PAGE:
Christian Montoya over at the Montoya Herald says he understands why many web developers use WordPress as a CMS system instead of the many other systems that are not blogging platforms, but CMS systems themselves.

All of these CMS’s have rather complicated administration interfaces, tend to be difficult to theme, and usually don’t put as much emphasis on syndicated publishing as blogging software. It’s really interesting when you think about it; after all, on a typical website you might publish a couple handfuls of static pages, whereas you might have a fresh news posting every week. Doesn’t it make sense for a platform to emphasize news/blog content over static pages? Moreover, if you are going to hand something over to a client, it’s natural to opt for something that non-technical people can use (and do every day). When I tell people “updating this site is just like updating your Livejournal/Xanga,” that’s one of the great things about WordPress. It’s the combination of the simple admin interface and the focus on blogging (even when the end result is not a blog) that makes WordPress ideal for most simple sites that I would build for a client.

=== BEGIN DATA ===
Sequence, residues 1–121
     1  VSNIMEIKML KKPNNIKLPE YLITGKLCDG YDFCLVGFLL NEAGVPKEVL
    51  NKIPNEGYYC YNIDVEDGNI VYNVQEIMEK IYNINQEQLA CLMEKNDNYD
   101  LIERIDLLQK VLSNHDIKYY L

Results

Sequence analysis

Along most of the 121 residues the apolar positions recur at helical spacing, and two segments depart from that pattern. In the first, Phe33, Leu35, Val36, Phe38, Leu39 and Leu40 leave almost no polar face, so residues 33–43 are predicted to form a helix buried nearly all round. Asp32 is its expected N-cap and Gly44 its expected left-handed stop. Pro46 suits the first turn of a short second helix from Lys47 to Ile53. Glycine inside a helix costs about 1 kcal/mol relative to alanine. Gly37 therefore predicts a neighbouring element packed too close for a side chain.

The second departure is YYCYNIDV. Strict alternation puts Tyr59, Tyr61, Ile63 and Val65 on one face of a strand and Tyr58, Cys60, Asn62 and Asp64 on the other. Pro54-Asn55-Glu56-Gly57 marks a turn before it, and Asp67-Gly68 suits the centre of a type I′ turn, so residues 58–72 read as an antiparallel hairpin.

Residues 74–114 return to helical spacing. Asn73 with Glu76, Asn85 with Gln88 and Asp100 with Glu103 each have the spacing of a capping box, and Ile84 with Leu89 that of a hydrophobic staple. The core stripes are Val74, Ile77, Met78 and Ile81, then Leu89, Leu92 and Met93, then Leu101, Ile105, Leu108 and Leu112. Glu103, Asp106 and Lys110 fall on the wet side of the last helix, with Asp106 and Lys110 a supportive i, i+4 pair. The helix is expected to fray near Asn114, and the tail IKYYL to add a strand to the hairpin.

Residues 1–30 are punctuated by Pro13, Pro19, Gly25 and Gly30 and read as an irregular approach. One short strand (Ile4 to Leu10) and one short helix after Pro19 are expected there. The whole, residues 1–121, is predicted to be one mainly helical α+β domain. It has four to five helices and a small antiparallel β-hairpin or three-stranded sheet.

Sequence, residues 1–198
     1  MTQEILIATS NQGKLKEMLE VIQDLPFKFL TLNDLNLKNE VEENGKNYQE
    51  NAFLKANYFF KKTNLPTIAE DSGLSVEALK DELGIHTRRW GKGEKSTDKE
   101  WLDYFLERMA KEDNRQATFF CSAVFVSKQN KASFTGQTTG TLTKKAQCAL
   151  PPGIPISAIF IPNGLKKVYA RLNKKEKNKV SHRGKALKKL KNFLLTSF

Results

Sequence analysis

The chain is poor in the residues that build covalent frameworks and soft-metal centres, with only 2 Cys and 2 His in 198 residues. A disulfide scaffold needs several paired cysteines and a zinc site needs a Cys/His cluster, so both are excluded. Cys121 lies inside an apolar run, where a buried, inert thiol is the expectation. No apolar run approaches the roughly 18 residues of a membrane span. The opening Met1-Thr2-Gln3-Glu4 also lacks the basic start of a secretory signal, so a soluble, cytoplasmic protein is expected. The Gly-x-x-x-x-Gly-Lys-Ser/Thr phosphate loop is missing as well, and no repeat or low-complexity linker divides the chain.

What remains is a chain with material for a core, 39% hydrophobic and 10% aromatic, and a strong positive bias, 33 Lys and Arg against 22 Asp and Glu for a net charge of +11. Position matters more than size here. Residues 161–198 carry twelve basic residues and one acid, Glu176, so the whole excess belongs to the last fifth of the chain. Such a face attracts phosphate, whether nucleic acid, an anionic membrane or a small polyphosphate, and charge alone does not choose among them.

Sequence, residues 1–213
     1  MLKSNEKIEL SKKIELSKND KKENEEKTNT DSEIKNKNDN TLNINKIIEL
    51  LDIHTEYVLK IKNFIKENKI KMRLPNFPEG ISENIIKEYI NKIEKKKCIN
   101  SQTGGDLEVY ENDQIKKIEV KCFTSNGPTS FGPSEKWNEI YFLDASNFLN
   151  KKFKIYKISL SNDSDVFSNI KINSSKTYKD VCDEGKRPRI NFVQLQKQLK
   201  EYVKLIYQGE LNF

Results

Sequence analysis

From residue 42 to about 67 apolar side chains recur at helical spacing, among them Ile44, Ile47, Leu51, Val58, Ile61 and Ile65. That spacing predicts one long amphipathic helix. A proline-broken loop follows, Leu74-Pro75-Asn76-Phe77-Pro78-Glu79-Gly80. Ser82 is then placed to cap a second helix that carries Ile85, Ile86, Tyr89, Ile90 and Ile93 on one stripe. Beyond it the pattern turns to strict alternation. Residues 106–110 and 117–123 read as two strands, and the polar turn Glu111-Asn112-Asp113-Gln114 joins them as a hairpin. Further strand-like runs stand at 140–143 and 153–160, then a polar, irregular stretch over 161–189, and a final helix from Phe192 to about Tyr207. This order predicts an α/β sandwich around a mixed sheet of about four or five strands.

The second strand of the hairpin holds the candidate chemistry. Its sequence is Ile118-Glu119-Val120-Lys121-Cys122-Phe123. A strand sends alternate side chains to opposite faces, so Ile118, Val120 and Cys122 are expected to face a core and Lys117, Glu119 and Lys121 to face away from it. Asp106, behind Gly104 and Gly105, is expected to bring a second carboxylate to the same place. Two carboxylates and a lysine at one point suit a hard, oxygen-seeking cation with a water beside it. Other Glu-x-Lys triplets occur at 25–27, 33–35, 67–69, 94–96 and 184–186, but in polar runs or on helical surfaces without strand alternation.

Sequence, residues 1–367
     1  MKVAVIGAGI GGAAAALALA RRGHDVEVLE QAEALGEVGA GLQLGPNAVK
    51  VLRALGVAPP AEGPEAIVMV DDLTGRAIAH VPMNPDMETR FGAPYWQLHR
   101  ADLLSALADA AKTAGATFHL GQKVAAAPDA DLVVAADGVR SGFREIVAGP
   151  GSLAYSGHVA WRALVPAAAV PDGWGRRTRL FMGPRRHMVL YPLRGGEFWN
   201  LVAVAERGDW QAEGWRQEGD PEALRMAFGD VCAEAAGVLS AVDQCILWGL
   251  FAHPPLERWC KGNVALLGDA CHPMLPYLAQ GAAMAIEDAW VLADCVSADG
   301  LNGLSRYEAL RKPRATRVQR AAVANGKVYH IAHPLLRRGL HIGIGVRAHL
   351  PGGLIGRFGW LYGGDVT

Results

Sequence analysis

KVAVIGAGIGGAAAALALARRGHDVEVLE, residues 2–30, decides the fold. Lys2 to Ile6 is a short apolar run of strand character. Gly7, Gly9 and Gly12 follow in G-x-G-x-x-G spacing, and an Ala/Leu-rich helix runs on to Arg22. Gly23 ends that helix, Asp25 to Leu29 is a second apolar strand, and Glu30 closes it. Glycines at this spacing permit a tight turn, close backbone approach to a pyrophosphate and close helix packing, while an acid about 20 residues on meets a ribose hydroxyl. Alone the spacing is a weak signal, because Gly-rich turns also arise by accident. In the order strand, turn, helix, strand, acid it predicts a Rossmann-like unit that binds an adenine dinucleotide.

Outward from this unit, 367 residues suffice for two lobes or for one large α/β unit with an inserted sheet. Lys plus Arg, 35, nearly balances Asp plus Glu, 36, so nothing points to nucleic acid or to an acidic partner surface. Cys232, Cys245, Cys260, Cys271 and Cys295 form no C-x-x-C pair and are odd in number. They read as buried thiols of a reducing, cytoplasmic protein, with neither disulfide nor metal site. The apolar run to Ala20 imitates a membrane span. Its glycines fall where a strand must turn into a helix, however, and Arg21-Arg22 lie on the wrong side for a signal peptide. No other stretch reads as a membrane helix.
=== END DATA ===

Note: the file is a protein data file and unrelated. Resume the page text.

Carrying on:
He does point out that WordPress has its limitations, which makes sense since it’s goal is to be a good blogging platform. But he sums up with a good point:

…content management systems shouldn’t just be about offering more features and functionality for the developer, but being user-friendly for the client too.

I have started to use WordPress as a CMS system because it is relatively easy to theme and customize, and web site owners can easily update their content.